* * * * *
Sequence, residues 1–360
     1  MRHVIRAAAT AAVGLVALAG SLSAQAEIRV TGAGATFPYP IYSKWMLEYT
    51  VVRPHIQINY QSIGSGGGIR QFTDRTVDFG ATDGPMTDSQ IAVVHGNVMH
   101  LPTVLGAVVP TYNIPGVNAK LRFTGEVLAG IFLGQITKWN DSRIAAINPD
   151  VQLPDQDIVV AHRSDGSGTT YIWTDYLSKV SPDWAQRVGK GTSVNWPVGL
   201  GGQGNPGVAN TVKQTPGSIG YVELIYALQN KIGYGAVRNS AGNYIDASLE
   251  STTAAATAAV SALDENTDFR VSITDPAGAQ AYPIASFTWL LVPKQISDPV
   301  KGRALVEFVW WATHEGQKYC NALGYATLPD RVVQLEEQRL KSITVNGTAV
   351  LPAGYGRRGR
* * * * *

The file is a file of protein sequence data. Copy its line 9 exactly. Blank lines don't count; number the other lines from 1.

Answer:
   351  LPAGYGRRGR